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The Angora Goat, in all its glory

The lecture ended with some provocative reflections. We tend to think of diseases as being well-defined, and the expertise upon them belonging to an exclusive and highly-trained medical elite. Dr Stark demonstrated how little over 100 years ago, the picture looked very different indeed. The diseases discussed in this lecture were defined divergently based, not just on symptoms and causes, but also on location, and even the occupation of the patient. Farmers, workers, employers and journalists joined physicians in offering their own thoughts on the nature of diseases. Later in the twentieth-century, the cultural authority of medical practitioners reached what may be seen by future historians as its peak. I can’t help thinking that today, as we increasingly consult search-engines and our fellow internet-users concerning matters medical, and the spectre of a “post-truth,” “post-fact,” “post-expertise” world looms, we are particularly well-placed to appreciate the fragility of the authority of medicine and science, and thus to uncover the historical and social processes through which that authority was achieved in the not-so-distant past.

 

Next month’s lecture sees the series reach its halfway-point. Professor Gregory Radick will introduce us to the Newlyn-Phillips Machine, and use it to show us “How Money (with Help from Models and Maths) Makes the World Go Around”. With the lecture taking place on 13th December, and thus well into the notoriously pocket-emptying festive season, I’m sure few of us will be able to disagree.

HPS in 20 Objects Lecture 8 – Brain Knife

The second HPS in 20 Lecture of this academic term has kept to the exceptional standard we have come to expect from this series. Like all of these talks, one central object was used to catalyse a discussion that ended up being extremely wide-ranging; taking us to considerations of the very nature of our being. However, the lecture began with PhD researcher and museum expert Laura Sellers explaining how the museum had come into possession of what initially seemed to be a rather ordinary looking Knife. Rather like the ones my Gran used to keep. However, this was in fact a knife used for dissecting the brains of the dead. Laura pointed out that it had been designed with a small horn handle and a disproportionately long blade in order that its users could wield it with the requisite delicacy for long cutting strokes through soft tissue. And who were these delicate users? Most likely, they were teachers and researchers working in Pathology at Leeds in the Algernon Firth Institute or Thoresby Place.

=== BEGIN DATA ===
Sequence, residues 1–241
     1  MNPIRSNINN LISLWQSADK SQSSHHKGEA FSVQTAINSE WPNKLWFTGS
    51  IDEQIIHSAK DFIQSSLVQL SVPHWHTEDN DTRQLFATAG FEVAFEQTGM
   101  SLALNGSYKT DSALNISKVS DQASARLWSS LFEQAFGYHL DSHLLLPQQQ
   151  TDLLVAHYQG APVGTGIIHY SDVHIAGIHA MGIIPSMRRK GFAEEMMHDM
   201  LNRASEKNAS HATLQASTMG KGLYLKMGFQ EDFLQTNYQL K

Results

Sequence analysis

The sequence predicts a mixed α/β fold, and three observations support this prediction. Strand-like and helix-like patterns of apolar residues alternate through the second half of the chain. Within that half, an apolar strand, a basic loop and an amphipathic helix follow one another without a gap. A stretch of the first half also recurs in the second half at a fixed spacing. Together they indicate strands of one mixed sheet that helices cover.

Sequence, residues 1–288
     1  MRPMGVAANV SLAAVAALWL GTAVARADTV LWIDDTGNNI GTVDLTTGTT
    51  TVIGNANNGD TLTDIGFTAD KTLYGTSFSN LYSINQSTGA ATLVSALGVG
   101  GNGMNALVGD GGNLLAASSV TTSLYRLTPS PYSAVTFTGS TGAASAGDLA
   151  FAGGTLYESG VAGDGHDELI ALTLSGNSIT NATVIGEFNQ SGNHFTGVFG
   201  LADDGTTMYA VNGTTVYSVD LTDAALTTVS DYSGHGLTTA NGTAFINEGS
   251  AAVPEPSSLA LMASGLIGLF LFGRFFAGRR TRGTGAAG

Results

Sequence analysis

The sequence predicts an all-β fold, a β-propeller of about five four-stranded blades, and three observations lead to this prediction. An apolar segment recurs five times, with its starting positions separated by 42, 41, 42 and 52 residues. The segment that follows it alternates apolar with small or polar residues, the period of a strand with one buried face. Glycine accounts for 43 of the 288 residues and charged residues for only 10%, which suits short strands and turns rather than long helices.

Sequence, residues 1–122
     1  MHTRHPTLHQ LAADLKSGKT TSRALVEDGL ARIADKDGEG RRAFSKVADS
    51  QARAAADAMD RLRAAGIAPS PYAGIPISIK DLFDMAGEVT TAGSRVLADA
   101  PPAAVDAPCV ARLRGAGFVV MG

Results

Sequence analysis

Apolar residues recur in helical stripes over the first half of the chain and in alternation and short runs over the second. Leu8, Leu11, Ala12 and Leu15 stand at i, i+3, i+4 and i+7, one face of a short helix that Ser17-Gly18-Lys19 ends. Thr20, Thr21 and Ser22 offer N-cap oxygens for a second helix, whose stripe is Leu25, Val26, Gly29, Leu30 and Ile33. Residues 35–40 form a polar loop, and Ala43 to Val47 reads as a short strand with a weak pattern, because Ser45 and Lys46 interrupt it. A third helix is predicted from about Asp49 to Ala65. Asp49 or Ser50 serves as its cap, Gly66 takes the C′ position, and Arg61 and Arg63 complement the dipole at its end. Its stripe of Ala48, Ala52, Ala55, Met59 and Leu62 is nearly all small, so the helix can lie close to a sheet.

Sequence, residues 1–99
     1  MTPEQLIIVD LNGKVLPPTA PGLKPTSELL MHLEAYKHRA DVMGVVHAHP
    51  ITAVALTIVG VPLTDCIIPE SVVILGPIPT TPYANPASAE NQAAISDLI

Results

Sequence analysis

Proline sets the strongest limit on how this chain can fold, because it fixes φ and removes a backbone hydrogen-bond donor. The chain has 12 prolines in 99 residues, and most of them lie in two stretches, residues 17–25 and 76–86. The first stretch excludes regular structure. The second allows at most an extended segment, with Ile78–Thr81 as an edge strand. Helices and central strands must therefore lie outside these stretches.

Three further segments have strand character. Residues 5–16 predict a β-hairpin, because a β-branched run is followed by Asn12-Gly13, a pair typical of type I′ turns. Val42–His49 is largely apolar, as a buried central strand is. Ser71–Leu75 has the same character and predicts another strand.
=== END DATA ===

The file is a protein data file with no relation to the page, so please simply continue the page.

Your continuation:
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School of Pathology on St. George Street opened in 1933 by Algernon Firth

We were then shown images of the places and contexts in which these tools would have been used, leading up to the site of the current Medical School in the ‘concrete extravaganza’ that is the Worsley Building. I had just the week before started working in administration in the medical school and delighted at telling my new colleagues the next day that the Medical School had just had its 850th birthday on the 25th of October. Turns out I had misheard this and it was actually 185 years old.  They were either too polite or too sorry for me to point out my ridiculous error. Luckily there was nothing ridiculous in the main body of the lecture, which was given by Marie Curie Fellow Dr Sean Dyde.

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Van Aeken, Cure of Folly or the Extraction of the Stone of Madness, 1485

Sean began his discussion of the brain knife by giving some context about why people have traditionally cut into brains and indeed into skulls, and pointed out that the notion of the mind being connected to the brain isn’t actually an especially Western idea. He then moved onto explain how he would situate the mind brain dichotomy in a particular discussion of the Age of Enlightenment, that is, the eighteenth century. Sean was clearly passionate about this subject matter and he really came into his own here, with some really lovely turns of phrase used to describe this period: ‘an Age of Improvement, an Age of Refinement, an Age of absolute monarchs, an Age of Enlightenment. A time of new wealth, paper money, stock bubbles and market crashes; Greco-Roman architecture, English gardens and Gin Lanes.’

At this point, perhaps predictably, but clearly necessarily, Descartes came in. It would be bizarre indeed to describe conceptions of the mind in the 17th and 18th century without resource to the Cartesian method. However, Sean did not relate the brain knife to philosophy in isolation; he took us on a fast paced tour of literature, politics, drugs, and science.

The Nightmare by Henry Fuseli

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Sean was able to condense a great deal of complicated ideas into an entertaining and provocative lecture, which I found thoroughly enjoyable. My favourite parts probably centre round his discussion of Tristram Shandy (a book I have not read, but now intend to) and his ideas about the relationship of the romantics to God, art, and opium. The link between nineteenth century phrenology and a recent paper in the journal Nature, in which its authors highlighted 360 localised areas of the brain, provoked the most questions from the audience. There was in fact so much in the lecture that I’m really struggling to provide a succinct summary of the diverse areas it touched upon. Of course it was a subject area that I am well familiar with, but my friend Amy (a physiology researcher) said that she had loved learning about medicine in such a different way. It should not only be recommended for its variety, but also for the elegant prose Sean used throughout. I suppose what I want to get across is how interesting and entertaining this was, and highly recommend that anyone reading this should also watch the recording below.